Released: 20 September 1999
Reeves Gabrels: guitar, synthesizer, drum programming
Mark Plati: bass guitar
Mike Levesque: drums
Holly Palmer: vocals
‘Thursday’s Child’ is the opening song and lead single from ‘…hours’, David Bowie’s 22nd studio album.
After the experimental art rock of 1.Outside and the electronic expeditions of Earthling, fans might have expected Bowie to have gone further on his next album. Instead he undertook a volte-face, returning with an introspective ballad which was unlike much else he recorded in the 1990s.
The song was not autobiographical or to be taken literally. For a start, Bowie was born on 8 January 1947, a Wednesday.
No, I don’t find it particularly hard – the guy in the song’s had a tough life, though. He’s a teeth-grinding, I’ll-get-this-job-done guy. But, right, it’s not a dogged labour for me: I do work hard, but it comes easily.”
Uncut, October 1999
As he explained on VH1 Storytellers, it was inspired by Eartha Kitt’s 1956 autobiography Thursday’s Child. It is worth mentioning that Kitt was born on 17 January 1927, a Monday, and ‘Thursday’s Child’ was also the name of a song and album released by her in 1956.
This little pretty ditty is from a new album that we’ve made called ‘…hours’. It’s called ‘Thursday’s Child’. It’s a title not imbued with arcane knowledge as you might think, but it was prompted by the memory of the autobiography of Eartha Kitt.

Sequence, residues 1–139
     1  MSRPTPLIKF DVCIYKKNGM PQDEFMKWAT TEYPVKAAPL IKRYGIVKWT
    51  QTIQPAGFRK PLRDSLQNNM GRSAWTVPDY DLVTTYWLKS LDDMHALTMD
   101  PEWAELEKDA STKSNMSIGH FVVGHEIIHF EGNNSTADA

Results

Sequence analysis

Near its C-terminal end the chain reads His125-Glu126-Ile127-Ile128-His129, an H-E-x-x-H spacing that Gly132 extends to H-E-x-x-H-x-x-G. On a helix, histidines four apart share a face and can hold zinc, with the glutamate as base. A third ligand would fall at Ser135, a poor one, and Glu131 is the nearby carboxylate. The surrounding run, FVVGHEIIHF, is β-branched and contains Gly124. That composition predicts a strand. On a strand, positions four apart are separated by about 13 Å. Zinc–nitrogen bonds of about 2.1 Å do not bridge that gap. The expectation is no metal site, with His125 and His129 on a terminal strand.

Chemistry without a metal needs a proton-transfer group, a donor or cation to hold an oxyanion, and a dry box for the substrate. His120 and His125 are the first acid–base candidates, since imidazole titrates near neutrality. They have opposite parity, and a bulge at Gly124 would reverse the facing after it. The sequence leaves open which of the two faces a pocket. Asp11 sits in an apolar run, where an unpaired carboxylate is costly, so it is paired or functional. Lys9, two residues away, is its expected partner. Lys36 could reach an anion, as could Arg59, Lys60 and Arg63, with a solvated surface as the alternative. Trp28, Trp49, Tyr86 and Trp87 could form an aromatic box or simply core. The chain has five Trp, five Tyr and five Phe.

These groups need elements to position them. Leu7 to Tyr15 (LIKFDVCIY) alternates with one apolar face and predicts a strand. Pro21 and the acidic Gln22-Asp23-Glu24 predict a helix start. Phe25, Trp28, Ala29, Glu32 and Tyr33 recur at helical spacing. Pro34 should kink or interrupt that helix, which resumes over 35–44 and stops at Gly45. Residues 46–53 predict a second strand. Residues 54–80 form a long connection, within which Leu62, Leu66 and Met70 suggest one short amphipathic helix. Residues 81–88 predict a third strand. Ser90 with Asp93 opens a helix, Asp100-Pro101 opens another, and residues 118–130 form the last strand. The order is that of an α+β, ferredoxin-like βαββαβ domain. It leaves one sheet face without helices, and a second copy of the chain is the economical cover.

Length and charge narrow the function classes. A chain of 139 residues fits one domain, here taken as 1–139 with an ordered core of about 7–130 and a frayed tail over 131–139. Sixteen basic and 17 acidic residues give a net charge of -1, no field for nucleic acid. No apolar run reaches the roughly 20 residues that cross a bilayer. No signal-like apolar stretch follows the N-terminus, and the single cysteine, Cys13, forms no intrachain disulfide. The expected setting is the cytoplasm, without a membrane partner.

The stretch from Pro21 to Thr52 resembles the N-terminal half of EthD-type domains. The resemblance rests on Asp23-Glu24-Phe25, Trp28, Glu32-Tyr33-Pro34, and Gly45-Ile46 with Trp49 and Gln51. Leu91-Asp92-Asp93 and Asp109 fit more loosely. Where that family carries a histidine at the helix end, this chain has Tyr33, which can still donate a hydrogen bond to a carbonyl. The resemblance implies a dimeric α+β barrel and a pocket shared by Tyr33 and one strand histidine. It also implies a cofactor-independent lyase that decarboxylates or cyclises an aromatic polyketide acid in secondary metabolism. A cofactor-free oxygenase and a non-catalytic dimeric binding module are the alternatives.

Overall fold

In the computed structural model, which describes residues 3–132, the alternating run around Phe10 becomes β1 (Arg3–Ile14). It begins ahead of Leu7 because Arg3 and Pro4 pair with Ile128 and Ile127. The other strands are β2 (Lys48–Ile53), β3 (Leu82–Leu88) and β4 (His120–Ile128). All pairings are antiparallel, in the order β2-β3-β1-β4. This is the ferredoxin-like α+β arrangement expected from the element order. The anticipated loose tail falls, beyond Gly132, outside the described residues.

When I was about fourteen, Eartha Kitt and DH Lawrence were some of my favourite bedtime reading. Not just at my bedtimes, if the truth be known! I’d seen this paperback in WH Smith’s, the Eartha Kitt life story, and she was standing quite sexily by a tree with fields in the background, and it was called Thursday’s Child.
That stayed with me since I was fourteen, I don’t know why, but it just kind of bubbled up the other month when we wrote this. This song, I might point out, is not actually about Eartha Kitt!
Another influence – this time on the “Monday, Tuesday” backing vocals – was ‘The Inch Worm’, written by Frank Loesser and originally performed by Danny Kaye in the 1952 film Hans Christian Andersen. The song was a key influence on Bowie during childhood.
‘Inch Worm’ is a very important song to me… ‘Two and two are four, four and four are eight…” I love the effect of two melodies together. That nursery rhyme feeling shows itself in a lot of songs I’ve written, like ‘Ashes To Ashes’. And maybe on my new album, ‘Thursday’s Child’.
When Ziggy Played Guitar, Dylan Jones